源地址:http://blog.renren.com/GetEntry.do?id=821235229&owner=287284388

Amazing Mystery Photographer Comes To Fame After Her Death

April 22, 2012 Leave a comment

Via http://www.buzzfeed.com

An incredible story. Vivian Maier was a nanny who lived in Chicago for most of her life and passed away in 2009 at the age of 83. Little more is known about her, except that she was an avid street photographer. Her work was discovered at an auction in 2007, more than 100,000 negatives and undeveloped rolls of film, sold by a storage facility who were cleaning out her locker for delinquent rent. Here is a small sampling of Vivian Maier’s stunning work from the Maloof Collection, spanning from the 1950s to the 1970s. Many of the photos, if they had any information at all, only provided a year and/or city.

  • 1.

    Fall, 1953

  • 2.

    1953, New York, NY

  • 3.

    Untitled, Undated

  • 4.

    Undated, New York, NY

  • 5.

    Christmas Eve of 1953, 78th St & 3rd Ave. New York, NY

  • 6.

    January, 1953, New York, NY

  • 7.

    April 30, 1955, New York, NY

  • 8.

    August 11, 1954, New York, NY

  • 9.

    May 16, 1957

  • 10.

    January, 1956, Chicago, IL

  • 11.

    August 22, 1956

  • 12.

    Undated, Chicago, IL

  • 13.

    Untitled, October 14, 1968, Chicago, IL

  • 14.

    Undated, Chicago, IL

  • 15.

    January 9, 1957, Florida

  • 16.

    August, 1958, Churchill, Canada

  • 17.

    August 11, 1959, Digne, France

  • 18.

    March 31, 1957

  • 19.

    Undated, Vancouver, Canada

  • 20.

    Untitled, 1956

  • 21.

    Untitled, Undated

  • 22.

    Untitled, Undated

  • 23.

    Untitled, Undated

  • 24.

    Untitled, Undated

  • 25.

    August, 1975

  • 26.

    October, 1978

  • 27.

    August, 1975

  • 28.

    Untitled, Self Portrait

  • 29.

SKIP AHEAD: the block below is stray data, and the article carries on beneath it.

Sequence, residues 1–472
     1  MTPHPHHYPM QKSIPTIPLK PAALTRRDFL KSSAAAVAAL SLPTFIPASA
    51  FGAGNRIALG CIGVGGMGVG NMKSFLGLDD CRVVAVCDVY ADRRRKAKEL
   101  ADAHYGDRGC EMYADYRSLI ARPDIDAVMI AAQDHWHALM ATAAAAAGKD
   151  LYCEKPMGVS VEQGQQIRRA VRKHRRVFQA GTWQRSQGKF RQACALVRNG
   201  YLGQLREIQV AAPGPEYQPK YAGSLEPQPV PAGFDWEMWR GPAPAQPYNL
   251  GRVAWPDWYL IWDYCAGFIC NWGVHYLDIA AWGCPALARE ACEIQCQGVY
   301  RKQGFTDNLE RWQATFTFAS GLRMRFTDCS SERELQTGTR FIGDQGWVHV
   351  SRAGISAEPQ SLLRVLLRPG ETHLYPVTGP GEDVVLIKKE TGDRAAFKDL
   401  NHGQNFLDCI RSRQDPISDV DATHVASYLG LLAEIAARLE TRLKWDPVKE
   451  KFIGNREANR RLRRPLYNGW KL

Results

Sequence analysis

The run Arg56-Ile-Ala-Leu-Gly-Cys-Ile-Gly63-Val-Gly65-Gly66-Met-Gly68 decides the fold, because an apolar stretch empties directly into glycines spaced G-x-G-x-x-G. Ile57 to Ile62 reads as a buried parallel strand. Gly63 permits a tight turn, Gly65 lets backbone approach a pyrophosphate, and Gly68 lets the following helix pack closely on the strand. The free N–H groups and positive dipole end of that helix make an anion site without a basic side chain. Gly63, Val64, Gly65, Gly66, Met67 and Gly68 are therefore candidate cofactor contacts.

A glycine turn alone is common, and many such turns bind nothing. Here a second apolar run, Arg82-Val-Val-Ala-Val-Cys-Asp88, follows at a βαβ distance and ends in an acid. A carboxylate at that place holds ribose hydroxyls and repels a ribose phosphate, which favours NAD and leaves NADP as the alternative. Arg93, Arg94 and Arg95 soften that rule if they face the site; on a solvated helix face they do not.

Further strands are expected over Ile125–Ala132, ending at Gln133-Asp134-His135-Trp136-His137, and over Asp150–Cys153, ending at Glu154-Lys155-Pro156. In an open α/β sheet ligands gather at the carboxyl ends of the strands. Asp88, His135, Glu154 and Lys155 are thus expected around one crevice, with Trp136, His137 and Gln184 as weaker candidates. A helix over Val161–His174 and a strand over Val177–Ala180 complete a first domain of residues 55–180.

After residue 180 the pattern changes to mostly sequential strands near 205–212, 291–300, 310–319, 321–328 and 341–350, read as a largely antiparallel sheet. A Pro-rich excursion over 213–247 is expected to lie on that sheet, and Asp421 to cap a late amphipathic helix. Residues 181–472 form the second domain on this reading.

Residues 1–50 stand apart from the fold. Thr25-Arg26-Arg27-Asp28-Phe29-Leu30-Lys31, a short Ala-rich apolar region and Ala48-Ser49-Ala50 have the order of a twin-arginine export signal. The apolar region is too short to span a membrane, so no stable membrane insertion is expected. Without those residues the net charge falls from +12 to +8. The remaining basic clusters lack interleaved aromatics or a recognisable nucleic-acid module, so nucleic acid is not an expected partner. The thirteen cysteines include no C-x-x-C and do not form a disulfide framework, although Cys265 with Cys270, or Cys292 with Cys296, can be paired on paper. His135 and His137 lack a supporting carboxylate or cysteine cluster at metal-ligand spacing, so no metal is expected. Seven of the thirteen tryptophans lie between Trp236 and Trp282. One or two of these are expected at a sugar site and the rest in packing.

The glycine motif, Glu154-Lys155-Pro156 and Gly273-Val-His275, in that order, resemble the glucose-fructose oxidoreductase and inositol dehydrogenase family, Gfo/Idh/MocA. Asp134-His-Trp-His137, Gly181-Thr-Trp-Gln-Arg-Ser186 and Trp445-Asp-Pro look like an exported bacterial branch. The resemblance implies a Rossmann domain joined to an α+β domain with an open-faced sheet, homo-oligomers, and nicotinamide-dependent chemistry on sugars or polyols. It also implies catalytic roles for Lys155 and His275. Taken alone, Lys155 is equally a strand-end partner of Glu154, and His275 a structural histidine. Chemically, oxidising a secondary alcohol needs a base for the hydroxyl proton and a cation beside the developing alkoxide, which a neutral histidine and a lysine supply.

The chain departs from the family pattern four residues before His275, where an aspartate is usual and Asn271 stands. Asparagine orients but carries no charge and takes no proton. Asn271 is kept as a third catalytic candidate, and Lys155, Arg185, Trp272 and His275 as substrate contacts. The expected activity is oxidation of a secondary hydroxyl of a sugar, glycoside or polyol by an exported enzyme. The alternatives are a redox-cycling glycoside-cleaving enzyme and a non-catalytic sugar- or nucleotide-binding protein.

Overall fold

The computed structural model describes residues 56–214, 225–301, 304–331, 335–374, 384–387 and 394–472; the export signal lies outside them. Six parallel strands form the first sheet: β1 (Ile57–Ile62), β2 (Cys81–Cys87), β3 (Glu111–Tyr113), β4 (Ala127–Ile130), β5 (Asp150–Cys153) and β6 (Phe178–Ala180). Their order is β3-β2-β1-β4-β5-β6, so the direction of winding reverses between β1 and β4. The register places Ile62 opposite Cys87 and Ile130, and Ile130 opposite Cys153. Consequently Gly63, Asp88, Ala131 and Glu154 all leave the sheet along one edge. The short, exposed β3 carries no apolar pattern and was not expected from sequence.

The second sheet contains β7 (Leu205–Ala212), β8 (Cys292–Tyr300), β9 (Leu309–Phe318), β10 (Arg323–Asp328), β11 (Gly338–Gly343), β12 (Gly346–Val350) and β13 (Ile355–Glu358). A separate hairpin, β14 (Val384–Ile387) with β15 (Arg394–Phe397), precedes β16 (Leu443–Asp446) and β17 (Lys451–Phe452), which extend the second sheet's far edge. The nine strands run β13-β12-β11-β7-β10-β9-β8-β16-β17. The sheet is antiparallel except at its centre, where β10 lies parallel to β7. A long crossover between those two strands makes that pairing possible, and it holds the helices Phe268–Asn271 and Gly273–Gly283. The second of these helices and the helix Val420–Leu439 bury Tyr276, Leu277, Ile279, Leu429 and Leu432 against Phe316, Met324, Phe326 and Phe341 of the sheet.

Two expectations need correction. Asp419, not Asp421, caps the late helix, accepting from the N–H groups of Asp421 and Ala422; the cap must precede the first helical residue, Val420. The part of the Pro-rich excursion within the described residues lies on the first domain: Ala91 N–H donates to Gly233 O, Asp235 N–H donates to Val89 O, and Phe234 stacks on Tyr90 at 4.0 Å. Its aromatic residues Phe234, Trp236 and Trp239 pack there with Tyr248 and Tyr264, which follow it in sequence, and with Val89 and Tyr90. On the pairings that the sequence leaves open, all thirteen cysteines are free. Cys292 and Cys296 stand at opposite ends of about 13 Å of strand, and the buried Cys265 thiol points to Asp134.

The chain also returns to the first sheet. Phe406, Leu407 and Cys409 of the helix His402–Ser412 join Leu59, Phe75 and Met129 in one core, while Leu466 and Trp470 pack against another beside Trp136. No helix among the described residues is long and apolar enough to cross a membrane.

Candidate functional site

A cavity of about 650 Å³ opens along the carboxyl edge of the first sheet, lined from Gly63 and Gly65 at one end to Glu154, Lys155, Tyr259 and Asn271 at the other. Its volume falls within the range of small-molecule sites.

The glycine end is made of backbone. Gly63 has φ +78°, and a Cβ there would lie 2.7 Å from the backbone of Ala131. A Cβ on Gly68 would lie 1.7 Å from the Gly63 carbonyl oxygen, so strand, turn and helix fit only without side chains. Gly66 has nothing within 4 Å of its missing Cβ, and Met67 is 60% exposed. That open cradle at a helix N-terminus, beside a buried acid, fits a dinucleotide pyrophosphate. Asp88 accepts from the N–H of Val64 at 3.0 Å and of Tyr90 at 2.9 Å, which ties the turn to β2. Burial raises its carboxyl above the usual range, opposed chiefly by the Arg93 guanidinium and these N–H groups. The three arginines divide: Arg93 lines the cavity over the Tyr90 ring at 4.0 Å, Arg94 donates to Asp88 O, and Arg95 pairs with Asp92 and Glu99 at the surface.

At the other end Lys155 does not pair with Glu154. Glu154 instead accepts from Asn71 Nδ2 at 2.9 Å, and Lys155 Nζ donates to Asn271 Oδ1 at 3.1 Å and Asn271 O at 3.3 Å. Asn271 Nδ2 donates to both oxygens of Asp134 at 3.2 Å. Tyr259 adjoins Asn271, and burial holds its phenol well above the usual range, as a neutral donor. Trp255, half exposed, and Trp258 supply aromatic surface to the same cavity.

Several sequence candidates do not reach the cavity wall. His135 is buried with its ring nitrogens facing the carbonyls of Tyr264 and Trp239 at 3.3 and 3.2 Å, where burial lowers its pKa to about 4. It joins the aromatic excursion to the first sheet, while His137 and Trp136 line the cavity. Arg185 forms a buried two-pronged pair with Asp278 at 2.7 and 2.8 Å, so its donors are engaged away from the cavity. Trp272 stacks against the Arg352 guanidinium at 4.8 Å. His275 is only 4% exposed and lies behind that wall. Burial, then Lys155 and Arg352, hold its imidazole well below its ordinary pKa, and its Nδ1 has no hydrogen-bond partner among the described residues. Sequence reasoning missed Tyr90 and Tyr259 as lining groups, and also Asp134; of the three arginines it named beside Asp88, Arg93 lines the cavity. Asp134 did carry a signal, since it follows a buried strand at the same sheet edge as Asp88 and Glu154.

October 18, 1953, New York, NY

  • 30.

    Untitled, Self Portrait

States of punishment

April 21, 2012 Leave a comment

Graphic detail

via States of punishment.

Mapping the death penalty in America

FROM 2000 to 2011 there were, on average, five death-row exonerations a year in the United States, according to the Death Penalty Information Centre. North Carolina alone saw three exonerations in six months in 2008. The following year the state legislature passed the Racial Justice Act, which gives death-row inmates the chance to commute their sentences to life without parole if a judge rules the sentences were tainted by racial bias. (More than half of North Carolina’s death-row inmates are black.) The first ruling will be issued on April 20th, a decision that could set a precedent for other challenges based on race. Indeed the ripples could be felt across the country, especially in Pennsylvania and Missouri, where similar legislation is pending. Other states are reconsidering capital punishment altogether. In November voters in California, which has more people on death row than any other state, will vote on whether to repeal the death penalty. And Connecticut, where a repeal bill was recently passed, is set to become the 17th state to abolish capital punishment.

Categories: Law, US Observation Tags: ,

Dick Clark

April 21, 2012 Leave a comment
From Wikipedia, the free encyclopedia
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1334783102_dick-clark-article.jpg (467×426)

FILE PHOTOS: Dick Clark and Gladys Knight at the Daytime Emmys in New York City, New York in 1994. Dick Clark passed away on April 18 2012 at the age of 82.

Dick-Clark-Best-Moments.jpg (600×399)
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For other people named Dick Clark, see Dick Clark (disambiguation).
Dick Clark

Dick Clark in 1961
Born Richard Wagstaff Clark
November 30, 1929
Bronxville, New York, U.S.
Died April 18, 2012 (aged 82)[1]
Santa Monica, California, U.S.
Cause of death Heart attack
Other names The World’s Oldest Teenager (nickname)
Alma mater Syracuse University
Occupation Businessman
Game show host
Radio/television personality
Years active 1945–2012
Spouse Barbara Mallery
(m. 1952–1961; divorced)
Loretta Martin
(m. 1962–1971; divorced)
Kari Wigton
(1977–2012, his death)
Children Richard A. Clark II
Duane Clark
Cindy Clark
Website
www.dickclarkonline.com

Richard Wagstaff “Dick” Clark[2] (November 30, 1929 – April 18, 2012) was an American radio and television personality, best known for hosting American television’s longest-running variety show, American Bandstand, from 1957 to 1987. He also hosted the game showPyramid and Dick Clark’s New Year’s Rockin’ Eve, which transmitted Times Square‘s New Year’s Eve celebrations worldwide.